A Tribute to Michael Hughes

A tall white man in graduation gown giving thumbs up to cameraI first started teaching overseas with the MAET program in 2006. At the age of 30, this was the first time I had ever ventured overseas (beyond Canada.) While many of our students talk about how transformational the experience is (even for seasoned overseas travelers) I might argue back that it was equally if not more transformational for me as well – and that is all because of the amazing human beings I  had the privilege of working with. Michael Hughes is one of those humans.  

Bindu (his amazing wife, fellow MAET grad, and another incredible human) messaged me Saturday to let me know the devastating news that Mike unexpectedly passed away on Friday, June 10th.  My heart stopped.  Mike’s memorial is today, and I cannot be there in person, so I am honoring him the best I can with this tribute.   

As I started culling through photographs and emails, it became difficult to see through the tears. MAET Overseas is an intense and joyous Masters program for teachers – it’s 9 credits, in-person, over 4 weeks of 8am-4pm Monday – Friday. Teachers come to the program from all across the globe. When Mike and Bindu were in the program, the majority of teachers were from international schools and we had growing cohorts of students from the US joining. This mix of teachers was like nothing I had ever experienced.  The seasoned international school teachers in the program often served as informal mentors to the US students, and many went on to expand their own teaching horizons overseas. In the program we lived together, worked together, learned together, ate together, and celebrated together – often spending more intense time with each other than our own family and friends.  When Mike went through the program, it was located in Plymouth, England.  He was always the center of joy and wisdom in our classes and he was a consummate lifelong learner.  Mike and his cohort graduated in 2009.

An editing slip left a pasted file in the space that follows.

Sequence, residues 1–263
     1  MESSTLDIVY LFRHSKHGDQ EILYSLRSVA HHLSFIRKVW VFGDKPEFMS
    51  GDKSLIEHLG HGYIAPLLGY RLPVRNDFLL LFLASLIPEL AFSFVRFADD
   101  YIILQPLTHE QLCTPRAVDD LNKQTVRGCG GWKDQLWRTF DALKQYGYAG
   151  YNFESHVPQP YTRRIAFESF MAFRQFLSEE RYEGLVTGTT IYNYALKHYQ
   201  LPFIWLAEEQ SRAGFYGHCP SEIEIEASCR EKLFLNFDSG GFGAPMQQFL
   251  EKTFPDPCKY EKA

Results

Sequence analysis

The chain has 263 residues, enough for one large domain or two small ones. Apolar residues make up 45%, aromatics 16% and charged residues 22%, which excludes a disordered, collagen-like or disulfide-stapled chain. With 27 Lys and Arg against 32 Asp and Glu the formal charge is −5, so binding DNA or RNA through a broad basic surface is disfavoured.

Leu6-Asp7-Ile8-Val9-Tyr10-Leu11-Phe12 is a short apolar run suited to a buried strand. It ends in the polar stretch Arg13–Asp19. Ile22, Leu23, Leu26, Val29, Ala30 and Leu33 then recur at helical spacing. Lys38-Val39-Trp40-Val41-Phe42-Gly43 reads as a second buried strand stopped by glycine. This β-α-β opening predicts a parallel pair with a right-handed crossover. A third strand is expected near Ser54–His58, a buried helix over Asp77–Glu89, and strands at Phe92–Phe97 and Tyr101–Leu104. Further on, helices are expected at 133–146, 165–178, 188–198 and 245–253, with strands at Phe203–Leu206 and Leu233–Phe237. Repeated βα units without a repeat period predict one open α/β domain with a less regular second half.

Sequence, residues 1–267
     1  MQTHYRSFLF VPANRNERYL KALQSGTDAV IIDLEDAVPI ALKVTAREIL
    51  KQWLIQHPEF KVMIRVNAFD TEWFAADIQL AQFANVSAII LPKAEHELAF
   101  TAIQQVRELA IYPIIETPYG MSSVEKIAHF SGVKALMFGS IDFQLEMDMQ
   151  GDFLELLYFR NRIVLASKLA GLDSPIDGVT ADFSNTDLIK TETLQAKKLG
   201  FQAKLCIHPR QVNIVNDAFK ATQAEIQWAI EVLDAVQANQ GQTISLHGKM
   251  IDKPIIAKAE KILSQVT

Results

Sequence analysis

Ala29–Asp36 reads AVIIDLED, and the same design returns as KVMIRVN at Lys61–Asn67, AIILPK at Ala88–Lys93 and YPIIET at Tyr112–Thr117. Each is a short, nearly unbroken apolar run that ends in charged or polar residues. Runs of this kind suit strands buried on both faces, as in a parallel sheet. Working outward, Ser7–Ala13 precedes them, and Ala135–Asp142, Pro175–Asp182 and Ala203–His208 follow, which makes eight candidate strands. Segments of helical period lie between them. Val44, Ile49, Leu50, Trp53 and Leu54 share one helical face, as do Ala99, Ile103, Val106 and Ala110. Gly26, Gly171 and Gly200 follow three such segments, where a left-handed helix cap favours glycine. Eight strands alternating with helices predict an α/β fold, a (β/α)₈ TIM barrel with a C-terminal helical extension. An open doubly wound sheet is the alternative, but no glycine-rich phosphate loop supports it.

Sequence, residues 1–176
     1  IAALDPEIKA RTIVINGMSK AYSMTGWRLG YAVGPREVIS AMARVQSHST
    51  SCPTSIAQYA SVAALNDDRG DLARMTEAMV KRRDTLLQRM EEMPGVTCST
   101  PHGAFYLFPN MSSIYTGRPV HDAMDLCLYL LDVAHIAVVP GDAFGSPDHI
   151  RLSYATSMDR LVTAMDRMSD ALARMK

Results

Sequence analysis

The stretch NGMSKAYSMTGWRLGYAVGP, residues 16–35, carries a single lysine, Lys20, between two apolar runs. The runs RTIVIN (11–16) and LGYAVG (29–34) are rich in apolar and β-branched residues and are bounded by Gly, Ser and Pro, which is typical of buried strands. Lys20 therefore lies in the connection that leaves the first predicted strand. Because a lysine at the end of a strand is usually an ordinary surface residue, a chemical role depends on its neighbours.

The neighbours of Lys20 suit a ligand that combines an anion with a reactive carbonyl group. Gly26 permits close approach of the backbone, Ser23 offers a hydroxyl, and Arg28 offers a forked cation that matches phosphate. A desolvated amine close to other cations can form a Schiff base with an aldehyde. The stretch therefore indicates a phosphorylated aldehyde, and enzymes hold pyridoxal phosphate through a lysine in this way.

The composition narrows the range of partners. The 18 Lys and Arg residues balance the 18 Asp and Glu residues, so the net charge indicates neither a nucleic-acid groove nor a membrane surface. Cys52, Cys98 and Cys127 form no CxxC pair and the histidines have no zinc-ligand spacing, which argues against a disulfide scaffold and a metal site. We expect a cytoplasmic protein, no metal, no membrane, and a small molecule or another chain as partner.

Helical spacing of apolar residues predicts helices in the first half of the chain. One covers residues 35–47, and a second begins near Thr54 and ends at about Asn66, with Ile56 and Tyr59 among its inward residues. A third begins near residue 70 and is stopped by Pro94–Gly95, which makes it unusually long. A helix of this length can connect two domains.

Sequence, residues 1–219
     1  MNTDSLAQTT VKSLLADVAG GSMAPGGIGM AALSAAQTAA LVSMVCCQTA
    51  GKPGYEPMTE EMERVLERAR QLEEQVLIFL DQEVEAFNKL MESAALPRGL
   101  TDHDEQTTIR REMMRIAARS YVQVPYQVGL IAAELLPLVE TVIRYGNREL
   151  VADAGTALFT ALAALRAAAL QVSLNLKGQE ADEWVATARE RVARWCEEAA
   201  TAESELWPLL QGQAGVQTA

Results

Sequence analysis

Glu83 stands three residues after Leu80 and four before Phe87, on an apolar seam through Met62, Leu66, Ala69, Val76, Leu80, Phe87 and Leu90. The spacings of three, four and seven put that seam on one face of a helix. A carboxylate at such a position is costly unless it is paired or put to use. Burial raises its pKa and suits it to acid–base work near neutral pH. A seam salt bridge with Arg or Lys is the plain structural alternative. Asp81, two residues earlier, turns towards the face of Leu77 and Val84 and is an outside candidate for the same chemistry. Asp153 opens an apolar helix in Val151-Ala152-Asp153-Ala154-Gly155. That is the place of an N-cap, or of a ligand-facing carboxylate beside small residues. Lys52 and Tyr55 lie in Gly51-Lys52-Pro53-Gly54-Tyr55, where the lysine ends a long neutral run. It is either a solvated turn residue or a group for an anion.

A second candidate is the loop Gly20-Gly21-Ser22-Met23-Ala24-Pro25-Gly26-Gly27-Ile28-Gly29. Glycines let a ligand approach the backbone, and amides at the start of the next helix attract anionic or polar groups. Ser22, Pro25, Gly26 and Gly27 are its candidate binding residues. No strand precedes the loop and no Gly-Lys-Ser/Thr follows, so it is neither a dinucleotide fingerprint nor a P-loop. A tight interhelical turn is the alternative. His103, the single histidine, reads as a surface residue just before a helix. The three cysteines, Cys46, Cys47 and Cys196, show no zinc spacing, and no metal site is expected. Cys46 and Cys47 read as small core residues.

Anyone who has been an educator knows the joys of receiving an “out of the blue” email from a former student – it always brings a ray of sunshine to my (usually mundane and sometimes fraught) inbox.  Mike, Bindu, and I formed a continuing bond and I would receive messages frequently post graduation.  As I was looking back through emails, this one started the flood of tears and I think keenly represents the incredible educator that Mike was:  

August, 2009 

My school just admitted its first 100% deaf student, sixth grade, my homeroom. How cool of an opportunity is that?

I’m now searching out ways I can learn to sign, and wonder if there is anything you know of that would help me. Anything from MSU, or Berlitz or anything else?

I’m excited and searching.

Thanks for any suggestions,


This was the first of many years of emails related to his quest to learn and support ASL. Fast forward to 2013 – Mike was no longer in a formal teaching position because of the rules in his country that required educators to stop teaching at the age of 60. 

August 2013

Hello Leigh and Punya,

I wanted to catch up and let you know what an MAET grad does once he’s no longer in the formal classroom.

When my knowledge of eBooks combined with my contact with the deaf community, it set off a buzzer in my head. Every child sitting on the lap of their parent deserves to have literature delivered to them in their first language. Ok, that is generally quite possible…unless the child is deaf.